The numbers are not pretty. Adam LaRoche knows that. He knows that his .202 batting average and .314 on-base percentage is not what the Washington Nationals expected when they signed him to be their first baseman this offseason.
Jordan Zimmermann did something in the second inning Friday night that no other pitcher in the major leagues had done this season and yet, in the Nationals much-needed 3-2 victory over the Marlins in 10 innings, he was still upstaged by one of his relievers.
The frustration that comes with offensive futility began to bubble out of the Washington Nationals in their 7-4 loss to the Philadelphia Phillies on Wednesday night when cleanup hitter Adam LaRoche – usually mild-mannered and even-tempered – gave home plate umpire Alfonso Marquez a piece of his mind in the fourth inning.
When you're young, gifted and blocked, progress is measured in baby steps, often escaping notice. There are signposts that a historian will laugh at in retrospect, moments that eventually mean nothing in the arc of a career.
More often than not this season, the Nationals have had to manufacture their runs. They haven't come easy and, when they've come at all, they've usually been the product of aggressive base running or sacrifices or timely base hits.
Jayson Werth dropped his bat, tore off his batting gloves and tossed his helmet aside as the St. Louis Cardinals made their way off the field following a 1-2-3 first inning on Thursday that ended when Werth looked at three straight strikes from Kyle Lohse.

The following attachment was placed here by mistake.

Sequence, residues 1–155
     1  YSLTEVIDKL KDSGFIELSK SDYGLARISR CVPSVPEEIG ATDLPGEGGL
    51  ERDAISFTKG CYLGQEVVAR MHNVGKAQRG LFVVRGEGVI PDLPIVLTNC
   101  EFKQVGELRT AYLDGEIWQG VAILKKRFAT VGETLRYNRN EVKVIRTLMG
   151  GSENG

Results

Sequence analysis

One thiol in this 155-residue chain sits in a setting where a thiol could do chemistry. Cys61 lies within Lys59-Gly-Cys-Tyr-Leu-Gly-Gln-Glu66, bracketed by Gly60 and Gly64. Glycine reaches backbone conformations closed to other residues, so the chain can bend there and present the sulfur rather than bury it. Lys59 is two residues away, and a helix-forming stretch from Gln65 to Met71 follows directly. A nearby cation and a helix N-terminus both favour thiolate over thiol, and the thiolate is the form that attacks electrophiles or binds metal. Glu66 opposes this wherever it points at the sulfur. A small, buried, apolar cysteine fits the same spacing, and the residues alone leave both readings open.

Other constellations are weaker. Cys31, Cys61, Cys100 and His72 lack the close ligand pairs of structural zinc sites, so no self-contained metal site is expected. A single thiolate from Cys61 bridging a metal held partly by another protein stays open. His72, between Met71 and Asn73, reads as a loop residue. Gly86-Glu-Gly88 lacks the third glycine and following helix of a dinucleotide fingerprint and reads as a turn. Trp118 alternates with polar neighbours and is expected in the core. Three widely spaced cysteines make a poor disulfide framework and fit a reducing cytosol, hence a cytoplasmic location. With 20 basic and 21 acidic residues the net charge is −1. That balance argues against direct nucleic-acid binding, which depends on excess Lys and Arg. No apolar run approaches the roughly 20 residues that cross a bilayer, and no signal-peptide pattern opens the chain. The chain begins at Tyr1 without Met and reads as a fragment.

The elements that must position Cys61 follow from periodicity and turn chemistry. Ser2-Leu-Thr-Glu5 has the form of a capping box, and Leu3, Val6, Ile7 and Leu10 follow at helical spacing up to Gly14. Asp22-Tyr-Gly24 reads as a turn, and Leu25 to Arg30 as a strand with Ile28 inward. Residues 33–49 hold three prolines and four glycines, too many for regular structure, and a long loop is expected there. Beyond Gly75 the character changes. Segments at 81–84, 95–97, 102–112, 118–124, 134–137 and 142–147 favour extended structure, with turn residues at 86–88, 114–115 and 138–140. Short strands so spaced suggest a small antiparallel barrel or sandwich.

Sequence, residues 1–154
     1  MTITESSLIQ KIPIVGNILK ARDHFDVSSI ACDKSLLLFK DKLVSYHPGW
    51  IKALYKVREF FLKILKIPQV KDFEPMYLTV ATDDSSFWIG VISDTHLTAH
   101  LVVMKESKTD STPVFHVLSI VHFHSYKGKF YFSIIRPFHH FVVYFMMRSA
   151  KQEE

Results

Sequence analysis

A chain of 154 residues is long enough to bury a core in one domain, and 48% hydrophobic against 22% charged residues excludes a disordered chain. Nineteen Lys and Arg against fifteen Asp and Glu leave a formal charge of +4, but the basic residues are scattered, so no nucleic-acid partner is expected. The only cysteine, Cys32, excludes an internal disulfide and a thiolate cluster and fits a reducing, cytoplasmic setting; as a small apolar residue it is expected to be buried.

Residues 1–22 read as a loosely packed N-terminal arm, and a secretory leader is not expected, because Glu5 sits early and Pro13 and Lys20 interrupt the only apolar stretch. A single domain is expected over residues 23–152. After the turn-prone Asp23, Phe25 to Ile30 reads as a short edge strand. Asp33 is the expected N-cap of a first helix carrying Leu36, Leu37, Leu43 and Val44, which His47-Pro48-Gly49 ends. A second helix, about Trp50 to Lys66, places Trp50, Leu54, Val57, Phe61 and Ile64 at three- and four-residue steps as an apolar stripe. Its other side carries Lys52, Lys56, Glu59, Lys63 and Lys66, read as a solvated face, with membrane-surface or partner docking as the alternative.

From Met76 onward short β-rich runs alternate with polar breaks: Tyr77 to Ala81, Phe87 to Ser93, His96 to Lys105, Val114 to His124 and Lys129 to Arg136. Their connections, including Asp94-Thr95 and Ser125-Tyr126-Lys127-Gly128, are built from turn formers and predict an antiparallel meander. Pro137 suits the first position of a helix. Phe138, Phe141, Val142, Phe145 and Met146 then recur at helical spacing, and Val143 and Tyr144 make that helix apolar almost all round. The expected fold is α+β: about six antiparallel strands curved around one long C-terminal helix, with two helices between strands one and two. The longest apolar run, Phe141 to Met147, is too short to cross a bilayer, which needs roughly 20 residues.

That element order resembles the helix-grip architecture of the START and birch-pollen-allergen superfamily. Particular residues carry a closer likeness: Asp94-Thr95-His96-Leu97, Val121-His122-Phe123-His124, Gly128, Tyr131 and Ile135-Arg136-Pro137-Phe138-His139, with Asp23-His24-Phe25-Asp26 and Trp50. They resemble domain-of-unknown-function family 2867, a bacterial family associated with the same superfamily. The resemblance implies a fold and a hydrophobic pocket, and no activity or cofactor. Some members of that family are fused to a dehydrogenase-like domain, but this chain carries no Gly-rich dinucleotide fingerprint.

If the Nationals' doubleheader sweep of the Milwaukee Brewers on Sunday was the coming out party for their offense — a facet of their game that had been dormant for much of the first 15 games — then their victory in the first game of a doubleheader with the St. Louis Cardinals on Wednesday was more proof that their formula for winning likely won't include the longball.
The edge of the strike zone was home to Jason Marquis for the first 11 seasons of his major league career. The right-hander wanted each of the 22,627 pitches he threw to be perfect.
Four times Jayson Werth had come to the plate Friday night, and four times the Nationals right fielder was sent back to the dugout empty handed.